Your first years you probably worked with a senior partner who is your mentor. Slowly, in your late 30s, you then start to develop your own practice, your own cases, and to some large extent you do everything. You may get some help with document discovery but the pleadings and the motions will rest with you. Everything will be done to your standard, to your satisfaction, and you will have success using that model. Then, at some point in your 40s, you start to lose control, you have too much work, you can’t get everything done, you haven’t taken a holiday for what seems like forever. This is when you need to practice delegation. This is when you will wish you had started delegating five years sooner.
In my considered opinion, and on this I am an expert, the step of learning how to delegate, to respect your juniors, to trust your juniors, to train them and help them build a career is as important as any other step you will take to developing a practice that leads you to the top of the profession.
I practice with six lawyers whose principal job over the years has been to make me look good. I have had a lot of fun building that group. Now at least three of them have their own practices and they are going through this period in their careers where they have to learn to delegate. Every one of those six people can research law better than I can. They prepare motions. They draft pleadings. They do opinions to clients. I supervise that work. I edit it. I bring my analysis to bear on every case where my name stays on the documents and I am obliged, in my view, to return the favor. To make them look good. To make sure the judges and our clients know that I trust them. When called into a courtroom, I trust them to perform at a superior level by comparison to their peers in Ontario.
Delegation is not abdication, be clear on this. Clients, properly informed, are pleased to work with smart 35-year-old lawyers whose rates are better than the senior partners and who are seen to have time and energy for that client’s case. I believe judges listen to and are ready to be persuaded by clever young advocates. So try to learn to let go, to trust as you wanted to be trusted, to mentor as you wanted to be mentored.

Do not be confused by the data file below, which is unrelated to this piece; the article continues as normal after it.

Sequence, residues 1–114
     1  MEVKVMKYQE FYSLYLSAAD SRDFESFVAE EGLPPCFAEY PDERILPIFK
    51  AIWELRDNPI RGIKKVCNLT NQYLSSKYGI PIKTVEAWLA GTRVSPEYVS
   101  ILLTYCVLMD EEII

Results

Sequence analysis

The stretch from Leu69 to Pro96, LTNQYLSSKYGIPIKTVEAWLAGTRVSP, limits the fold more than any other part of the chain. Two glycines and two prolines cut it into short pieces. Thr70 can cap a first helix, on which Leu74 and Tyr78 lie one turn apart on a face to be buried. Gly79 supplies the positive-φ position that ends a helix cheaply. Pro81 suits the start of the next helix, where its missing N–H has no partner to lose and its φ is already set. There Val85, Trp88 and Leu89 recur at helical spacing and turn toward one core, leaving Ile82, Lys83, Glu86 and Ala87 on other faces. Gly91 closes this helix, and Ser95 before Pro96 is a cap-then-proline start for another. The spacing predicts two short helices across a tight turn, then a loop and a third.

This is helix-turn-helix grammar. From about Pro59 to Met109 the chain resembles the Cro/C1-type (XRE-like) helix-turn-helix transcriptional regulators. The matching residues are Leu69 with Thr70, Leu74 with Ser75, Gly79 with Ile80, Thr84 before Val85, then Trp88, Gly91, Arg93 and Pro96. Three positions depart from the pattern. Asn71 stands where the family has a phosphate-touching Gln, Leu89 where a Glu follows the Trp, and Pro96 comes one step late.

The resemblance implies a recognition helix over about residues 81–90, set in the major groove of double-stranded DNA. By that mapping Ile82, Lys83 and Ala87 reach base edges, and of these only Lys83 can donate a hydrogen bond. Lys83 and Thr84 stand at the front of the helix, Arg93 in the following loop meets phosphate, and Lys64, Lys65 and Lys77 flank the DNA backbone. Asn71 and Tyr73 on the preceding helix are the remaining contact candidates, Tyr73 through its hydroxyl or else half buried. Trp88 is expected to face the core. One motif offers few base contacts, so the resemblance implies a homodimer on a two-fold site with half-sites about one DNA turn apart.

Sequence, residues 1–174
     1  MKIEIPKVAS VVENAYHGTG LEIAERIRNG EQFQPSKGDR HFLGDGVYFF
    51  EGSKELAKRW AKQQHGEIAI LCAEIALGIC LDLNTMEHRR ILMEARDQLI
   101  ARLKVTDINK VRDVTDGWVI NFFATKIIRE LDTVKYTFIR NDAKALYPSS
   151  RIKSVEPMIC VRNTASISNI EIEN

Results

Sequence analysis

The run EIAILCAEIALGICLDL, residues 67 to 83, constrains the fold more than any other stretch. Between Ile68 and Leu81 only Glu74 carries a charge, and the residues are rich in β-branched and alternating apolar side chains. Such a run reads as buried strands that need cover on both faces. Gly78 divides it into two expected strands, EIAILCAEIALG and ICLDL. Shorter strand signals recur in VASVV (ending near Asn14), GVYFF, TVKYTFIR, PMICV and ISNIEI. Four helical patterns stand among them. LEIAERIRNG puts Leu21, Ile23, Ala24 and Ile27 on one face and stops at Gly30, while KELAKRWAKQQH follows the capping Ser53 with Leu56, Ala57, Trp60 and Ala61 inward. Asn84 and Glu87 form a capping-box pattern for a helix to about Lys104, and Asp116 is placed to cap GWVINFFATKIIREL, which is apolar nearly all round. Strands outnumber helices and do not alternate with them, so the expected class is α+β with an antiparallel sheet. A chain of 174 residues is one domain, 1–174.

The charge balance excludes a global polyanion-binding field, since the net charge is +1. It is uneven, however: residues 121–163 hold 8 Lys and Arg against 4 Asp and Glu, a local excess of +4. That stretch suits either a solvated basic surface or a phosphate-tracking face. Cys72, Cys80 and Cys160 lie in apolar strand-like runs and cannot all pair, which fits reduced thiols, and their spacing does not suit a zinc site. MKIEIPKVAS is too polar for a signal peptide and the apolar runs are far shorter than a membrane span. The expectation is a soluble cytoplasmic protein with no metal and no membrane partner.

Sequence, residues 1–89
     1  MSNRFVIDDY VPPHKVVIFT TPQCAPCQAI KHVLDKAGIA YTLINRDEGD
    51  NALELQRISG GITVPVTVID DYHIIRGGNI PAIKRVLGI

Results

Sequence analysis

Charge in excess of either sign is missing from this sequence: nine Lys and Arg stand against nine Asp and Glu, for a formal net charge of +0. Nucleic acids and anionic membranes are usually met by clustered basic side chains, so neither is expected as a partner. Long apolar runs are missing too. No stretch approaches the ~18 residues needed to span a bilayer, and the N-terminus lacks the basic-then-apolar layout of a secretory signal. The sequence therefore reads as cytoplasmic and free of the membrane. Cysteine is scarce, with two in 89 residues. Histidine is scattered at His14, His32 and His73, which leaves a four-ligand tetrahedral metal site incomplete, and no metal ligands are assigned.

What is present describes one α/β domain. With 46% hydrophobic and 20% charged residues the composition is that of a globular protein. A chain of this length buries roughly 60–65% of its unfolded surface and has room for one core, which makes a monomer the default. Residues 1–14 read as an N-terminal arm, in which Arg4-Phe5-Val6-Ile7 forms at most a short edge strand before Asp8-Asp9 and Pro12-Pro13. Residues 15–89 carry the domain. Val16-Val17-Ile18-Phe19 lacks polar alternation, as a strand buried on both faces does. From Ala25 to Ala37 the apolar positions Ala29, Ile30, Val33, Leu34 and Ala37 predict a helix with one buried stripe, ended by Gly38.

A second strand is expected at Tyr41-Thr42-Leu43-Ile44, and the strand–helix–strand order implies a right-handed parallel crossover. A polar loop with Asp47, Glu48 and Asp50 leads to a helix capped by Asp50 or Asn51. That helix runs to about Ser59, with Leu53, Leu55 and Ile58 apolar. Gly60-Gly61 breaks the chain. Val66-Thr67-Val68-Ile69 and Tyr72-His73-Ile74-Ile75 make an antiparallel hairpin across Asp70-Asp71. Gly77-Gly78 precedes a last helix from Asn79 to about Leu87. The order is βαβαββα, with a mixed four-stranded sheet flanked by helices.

My second theme is make sure you look after yourself. There is eternal wisdom in the adage that no one on their deathbed ever wished they had spent more time at the office. Knowing what that entails for you is something of a lifework. So while you are burning candles at both ends like a penitent on a retreat, keep one eye on the faraway oasis where sounder judgment and deeper wisdom are to be found.
When a woman or man has the capacity to organize and present a quality case, then a wide spectrum of adaptable skills is inherent in that woman or man. A first step is to promise not to give a damn about justifying, in professional terms, the way you live your life. I have a good friend in a profession who loves to travel all over the United States wherever a particular indie country musical group is playing. It seems crazy to me, but she loves it and it makes her the character she is. By contrast, my late friend Jack Sullivan never took more than a couple of days away from the office. More Irish than Danny Boy, I told him that his shamrock heart would be nurtured and enriched by a trip to the old sod. He agreed with me. He promised me. He never went.
For me what works is an eclectic range of amateur interests: a bit of opera, a bit of funk, a few novels, a bicycle trip through French villages, a rendezvous with odd and interesting friends. Enjoying all those things, in my opinion, gives me the depth to enjoy my family, to enjoy the practice of law, my clients and life itself.
For most of you, your career is at a different stage than mine. Like David, you are still picking up the five smooth stones—and if you pick those smooth stones that best fit the slingshot for you, then you will take Goliath out. Choose your stones with care but choose them, use them, and then sling them.As you do so, keep close hese words of Michael Ondaatje, from his 2007 book Divisadero: “We live permanently in the recurrence of our own stories, whatever story we tell.”
John F. Evans , QC is a principal of Evans Sweeney Bordin in Hamilton, ON, and is a senior counsel, having practiced advocacy for over 40 years. He was selected as a Queen’s Counsel in 1980, has been certified as a Specialist in Civil Litigation by the Law Society of Upper Canada, and is a Fellow of the American College of Trial Lawyers.